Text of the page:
Achieving the Centers for Medicare & Medicaid Services (CMS) goal of 66% prevalent arteriovenous fistula (AVF) use is feasible for individual dialysis facilities, though there is a need to decrease regional variation before the CMS goal can be fully achieved for all US hemodialysis facilities, according to a study published in the American Journal of Kidney Diseases (2011;57:78-89).
CMS established this national goal for the current Fistula First Breakthrough Initiative, which was developed to collect, awnalyze, and disseminate information to improve AVF use in the United States, similar to registry-based programs in Asia, Europe, and South America. CMS established the 66% goal after reaching its initial 40% goal.
The goal of 66% prevalent AVF use was chosen because 60% to 90% of hemodialysis patients in Europe and Asia dialyze with a fistula. However, AVF performance in the United States is measured for the entire ESRD population, while international estimates are commonly based on treatment facility samples that may not fully capture care of the end-stage renal disease (ESRD) population, which led to questions about the appropriateness of the goal for the United States.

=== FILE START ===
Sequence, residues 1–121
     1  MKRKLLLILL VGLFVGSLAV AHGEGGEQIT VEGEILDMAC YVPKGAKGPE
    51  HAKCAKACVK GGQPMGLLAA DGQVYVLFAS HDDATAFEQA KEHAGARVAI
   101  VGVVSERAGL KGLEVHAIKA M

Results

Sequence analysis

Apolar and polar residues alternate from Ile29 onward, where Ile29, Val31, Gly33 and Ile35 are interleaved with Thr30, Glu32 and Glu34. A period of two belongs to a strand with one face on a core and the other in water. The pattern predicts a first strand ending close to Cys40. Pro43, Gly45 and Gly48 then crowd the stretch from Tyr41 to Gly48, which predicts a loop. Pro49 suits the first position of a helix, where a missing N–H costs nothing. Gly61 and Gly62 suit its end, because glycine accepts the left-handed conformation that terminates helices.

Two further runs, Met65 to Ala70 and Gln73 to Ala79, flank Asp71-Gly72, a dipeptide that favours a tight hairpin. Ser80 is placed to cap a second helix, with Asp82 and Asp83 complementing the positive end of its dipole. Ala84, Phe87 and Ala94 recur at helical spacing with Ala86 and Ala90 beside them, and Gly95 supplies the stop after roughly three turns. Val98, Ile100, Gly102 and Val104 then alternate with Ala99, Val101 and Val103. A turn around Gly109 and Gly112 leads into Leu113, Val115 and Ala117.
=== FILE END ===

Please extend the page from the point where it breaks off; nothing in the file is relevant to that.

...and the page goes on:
To address this issue, Janet R. Lynch, PhD, CPHQ (Certified Professional in Health Care Quality), of the Mid--Atlantic Renal Coalition, and colleagues conducted an observational study of 4,058 US dialysis facilities with an average patient census of 10 or more during the study period of January 2007 to April 2010.
Dr. Lynch and colleagues examined contemporary patterns of AVF use in prevalent patients to assess the potential for attaining the Fistula First goal in dialysis facilities and their associated End-Stage Renal Disease Networks.
During the study period, 1,458 facilities (35.9%) were able to achieve the AVF use target at least once, and these facilities sustained this target for a mean of 12.9 months. Additionally, improvements in AVF use and goal attainment were observed in facilities in all networks regardless of initial measurement, suggesting that additional AVF use increases are attainable.
The study authors noted that the regional variability represented by differences across US ESRD Networks is similar to national variations in AVF use reported by the Dialysis Outcomes Practice Patterns Study (Nephrol Dial Transplantation 2008;23:3219-3226). Factors that contribute to within- and between-country variations in quality of care are poorly understood and warrant attention.
“Understanding the nature of differences and what can be done to reduce variation while simultaneously improving performance is imperative,” Dr. Lynch and colleagues wrote. •